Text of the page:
Look Out!

In pretty much every case, automatic braking is part of a suite of safety system technology that works together to save your sorry butt. The system in a Subaru is called EyeSight; in a Volvo, it's called City Safety. Other manufacturers, including Cadillac and Mercedes-Benz, have something similar.

"The system works very simply from an engineering perspective," said Adam Kopstein, a safety and compliance manager at Volvo. "Making the car stop is easy; we've got the sensors and ABS. The trick is making sure it only does it when it's supposed to." Kopstein is a very funny guy, because after calling this an easy and simple system, he explained in detail how that trick is accomplished.

Every manufacturer uses a different setup, so we'll use Subaru and Volvo's systems as examples of what's out there.

Subaru's EyeSight, not surprisingly, uses two black and white cameras that work like your eyes to triangulate the speed and distance of the vehicle in front of you. They're mounted at the top of the windshield, and they scan every 0.1 seconds, looking for contrast with the background and vertical surfaces. The software is programmed to recognize several types of images, like the rear ends of vehicles, motorcycles, bicycles and pedestrians.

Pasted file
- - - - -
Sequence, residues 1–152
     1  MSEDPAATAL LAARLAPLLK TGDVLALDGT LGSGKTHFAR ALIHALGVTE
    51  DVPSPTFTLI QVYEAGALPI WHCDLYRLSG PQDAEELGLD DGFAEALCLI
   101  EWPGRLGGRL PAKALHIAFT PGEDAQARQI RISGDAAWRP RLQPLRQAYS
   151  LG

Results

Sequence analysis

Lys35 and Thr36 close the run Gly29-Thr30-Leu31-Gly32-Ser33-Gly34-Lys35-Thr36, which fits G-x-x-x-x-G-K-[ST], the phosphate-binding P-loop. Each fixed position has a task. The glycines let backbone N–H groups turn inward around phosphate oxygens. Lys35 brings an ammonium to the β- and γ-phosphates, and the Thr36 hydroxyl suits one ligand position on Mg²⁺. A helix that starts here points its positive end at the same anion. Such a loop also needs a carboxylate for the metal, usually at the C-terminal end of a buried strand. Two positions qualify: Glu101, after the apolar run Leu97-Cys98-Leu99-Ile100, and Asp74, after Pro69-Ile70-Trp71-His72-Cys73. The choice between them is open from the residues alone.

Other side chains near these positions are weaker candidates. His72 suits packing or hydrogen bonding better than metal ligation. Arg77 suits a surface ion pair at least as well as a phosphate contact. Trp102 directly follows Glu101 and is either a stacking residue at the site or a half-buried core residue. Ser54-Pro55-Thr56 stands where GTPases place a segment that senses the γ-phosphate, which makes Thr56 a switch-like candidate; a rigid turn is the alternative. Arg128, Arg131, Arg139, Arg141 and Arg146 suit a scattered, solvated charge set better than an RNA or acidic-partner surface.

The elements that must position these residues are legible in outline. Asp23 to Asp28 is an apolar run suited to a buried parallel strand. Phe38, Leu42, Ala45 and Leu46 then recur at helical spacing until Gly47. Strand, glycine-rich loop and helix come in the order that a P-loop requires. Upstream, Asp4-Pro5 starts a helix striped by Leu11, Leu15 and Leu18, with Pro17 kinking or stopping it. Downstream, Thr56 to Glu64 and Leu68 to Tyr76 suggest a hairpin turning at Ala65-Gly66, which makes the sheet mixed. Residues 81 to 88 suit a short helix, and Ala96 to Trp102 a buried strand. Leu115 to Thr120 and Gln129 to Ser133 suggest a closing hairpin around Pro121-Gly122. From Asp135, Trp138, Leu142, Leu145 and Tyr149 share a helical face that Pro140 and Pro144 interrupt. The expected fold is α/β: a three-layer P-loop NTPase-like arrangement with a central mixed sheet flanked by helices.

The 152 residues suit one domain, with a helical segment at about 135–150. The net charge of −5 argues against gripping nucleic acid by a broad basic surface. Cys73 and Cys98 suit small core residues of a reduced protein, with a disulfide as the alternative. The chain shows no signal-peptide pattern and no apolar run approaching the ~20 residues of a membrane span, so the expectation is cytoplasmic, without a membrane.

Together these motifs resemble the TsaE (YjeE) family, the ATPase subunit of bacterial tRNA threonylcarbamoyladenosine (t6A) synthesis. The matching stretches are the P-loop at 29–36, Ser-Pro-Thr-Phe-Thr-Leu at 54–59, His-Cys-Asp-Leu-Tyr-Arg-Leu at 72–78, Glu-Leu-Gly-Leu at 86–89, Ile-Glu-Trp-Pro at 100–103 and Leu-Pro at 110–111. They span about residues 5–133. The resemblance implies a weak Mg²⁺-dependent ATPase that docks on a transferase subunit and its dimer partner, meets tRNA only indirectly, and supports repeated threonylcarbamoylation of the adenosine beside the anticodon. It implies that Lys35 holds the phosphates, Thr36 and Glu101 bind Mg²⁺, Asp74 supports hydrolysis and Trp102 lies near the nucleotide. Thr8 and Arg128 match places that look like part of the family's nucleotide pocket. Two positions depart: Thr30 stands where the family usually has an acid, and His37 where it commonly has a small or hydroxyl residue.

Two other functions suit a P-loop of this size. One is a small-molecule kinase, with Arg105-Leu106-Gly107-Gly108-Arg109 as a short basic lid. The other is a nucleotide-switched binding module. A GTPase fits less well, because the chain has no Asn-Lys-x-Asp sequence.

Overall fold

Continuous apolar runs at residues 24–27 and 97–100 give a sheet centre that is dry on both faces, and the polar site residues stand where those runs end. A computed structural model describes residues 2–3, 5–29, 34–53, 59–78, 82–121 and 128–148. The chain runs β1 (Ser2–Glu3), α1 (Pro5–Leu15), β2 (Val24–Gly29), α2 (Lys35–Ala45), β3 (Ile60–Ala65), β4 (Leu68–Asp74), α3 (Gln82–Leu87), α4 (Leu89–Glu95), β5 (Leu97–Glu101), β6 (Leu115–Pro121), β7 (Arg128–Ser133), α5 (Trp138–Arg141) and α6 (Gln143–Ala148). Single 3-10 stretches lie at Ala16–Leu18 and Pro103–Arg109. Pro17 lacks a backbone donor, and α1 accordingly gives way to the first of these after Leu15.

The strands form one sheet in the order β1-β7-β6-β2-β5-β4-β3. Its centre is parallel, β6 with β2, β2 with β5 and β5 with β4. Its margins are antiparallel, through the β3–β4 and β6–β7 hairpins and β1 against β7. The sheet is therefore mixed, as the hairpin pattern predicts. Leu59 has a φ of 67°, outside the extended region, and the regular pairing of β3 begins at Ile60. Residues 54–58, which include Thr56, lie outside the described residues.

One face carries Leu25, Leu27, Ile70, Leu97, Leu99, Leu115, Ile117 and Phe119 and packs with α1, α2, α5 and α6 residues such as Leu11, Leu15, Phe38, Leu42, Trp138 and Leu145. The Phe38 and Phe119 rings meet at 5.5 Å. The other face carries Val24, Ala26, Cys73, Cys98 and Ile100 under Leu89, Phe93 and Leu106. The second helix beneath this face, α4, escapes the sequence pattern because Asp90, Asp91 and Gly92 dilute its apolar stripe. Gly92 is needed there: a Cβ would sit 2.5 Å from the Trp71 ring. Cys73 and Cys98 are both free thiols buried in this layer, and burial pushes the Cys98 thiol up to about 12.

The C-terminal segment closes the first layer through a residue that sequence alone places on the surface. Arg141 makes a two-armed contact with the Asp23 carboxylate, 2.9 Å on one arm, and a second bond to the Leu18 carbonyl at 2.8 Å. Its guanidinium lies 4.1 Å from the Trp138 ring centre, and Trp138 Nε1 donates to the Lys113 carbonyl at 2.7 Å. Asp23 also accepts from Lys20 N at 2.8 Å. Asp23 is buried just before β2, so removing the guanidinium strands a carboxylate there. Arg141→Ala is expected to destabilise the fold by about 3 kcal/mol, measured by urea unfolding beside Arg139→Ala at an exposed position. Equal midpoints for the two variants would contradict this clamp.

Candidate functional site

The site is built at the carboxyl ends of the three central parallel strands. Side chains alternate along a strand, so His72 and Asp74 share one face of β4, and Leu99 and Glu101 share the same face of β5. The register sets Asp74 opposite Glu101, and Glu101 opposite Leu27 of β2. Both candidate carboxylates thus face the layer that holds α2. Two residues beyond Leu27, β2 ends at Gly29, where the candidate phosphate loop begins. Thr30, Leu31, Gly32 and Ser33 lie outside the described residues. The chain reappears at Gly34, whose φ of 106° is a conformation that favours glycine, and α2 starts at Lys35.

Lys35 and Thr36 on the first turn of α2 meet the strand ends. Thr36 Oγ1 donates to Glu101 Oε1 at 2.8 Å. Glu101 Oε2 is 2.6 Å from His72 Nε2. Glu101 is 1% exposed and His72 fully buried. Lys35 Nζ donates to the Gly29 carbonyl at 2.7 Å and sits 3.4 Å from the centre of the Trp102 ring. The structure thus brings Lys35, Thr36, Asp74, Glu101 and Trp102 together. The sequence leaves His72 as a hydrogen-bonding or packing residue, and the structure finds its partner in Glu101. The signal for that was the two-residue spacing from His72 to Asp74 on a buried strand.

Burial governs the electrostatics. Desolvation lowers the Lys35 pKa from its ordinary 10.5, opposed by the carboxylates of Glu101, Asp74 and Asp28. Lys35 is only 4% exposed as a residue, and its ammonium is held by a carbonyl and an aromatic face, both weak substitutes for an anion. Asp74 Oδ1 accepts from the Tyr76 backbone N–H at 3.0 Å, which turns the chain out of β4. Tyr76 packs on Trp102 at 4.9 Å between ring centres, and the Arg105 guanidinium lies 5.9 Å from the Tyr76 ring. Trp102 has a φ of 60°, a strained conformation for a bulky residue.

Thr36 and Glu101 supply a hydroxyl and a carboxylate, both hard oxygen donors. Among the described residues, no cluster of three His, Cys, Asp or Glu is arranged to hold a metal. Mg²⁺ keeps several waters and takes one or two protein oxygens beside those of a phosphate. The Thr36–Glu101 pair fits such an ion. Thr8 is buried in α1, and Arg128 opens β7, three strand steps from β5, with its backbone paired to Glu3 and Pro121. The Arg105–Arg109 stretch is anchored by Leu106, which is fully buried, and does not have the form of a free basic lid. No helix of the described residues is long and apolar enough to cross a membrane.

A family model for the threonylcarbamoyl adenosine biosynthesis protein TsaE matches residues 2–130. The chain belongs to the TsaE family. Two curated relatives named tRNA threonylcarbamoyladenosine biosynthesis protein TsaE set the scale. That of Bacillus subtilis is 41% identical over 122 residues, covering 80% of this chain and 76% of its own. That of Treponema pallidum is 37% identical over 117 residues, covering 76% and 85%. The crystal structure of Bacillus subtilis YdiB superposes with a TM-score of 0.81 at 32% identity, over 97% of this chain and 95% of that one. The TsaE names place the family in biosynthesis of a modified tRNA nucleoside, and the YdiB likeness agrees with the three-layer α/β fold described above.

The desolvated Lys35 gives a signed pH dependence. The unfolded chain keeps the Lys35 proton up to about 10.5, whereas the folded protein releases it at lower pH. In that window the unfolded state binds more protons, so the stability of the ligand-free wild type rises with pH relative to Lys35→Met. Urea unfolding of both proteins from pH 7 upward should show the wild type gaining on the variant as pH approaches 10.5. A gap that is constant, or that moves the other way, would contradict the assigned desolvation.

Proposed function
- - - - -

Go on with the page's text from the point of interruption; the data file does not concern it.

Volvo uses lidar (which is not related to the lion-tiger mashup we all know as a liger) in its City Safety system. Lidar is laser radar, and it sends out a signal that pings off objects in front of it to determine distance and speed. Since lidar works best at short range, Volvo also has a camera mounted in the windshield and radar in the bumper that work together at high speeds as part of its collision warning system with full braking capability. The radar can see several hundred yards in front of the car, but it can't tell what it's seeing. The camera picks up on what the radar is seeing and can identify the object as a problem or something to ignore.

So far, this is just how your car knows that there's a Humvee in front of you, and that the Humvee has slammed on its brakes. While your car's computer does some panicky calculations, let's move to the next page.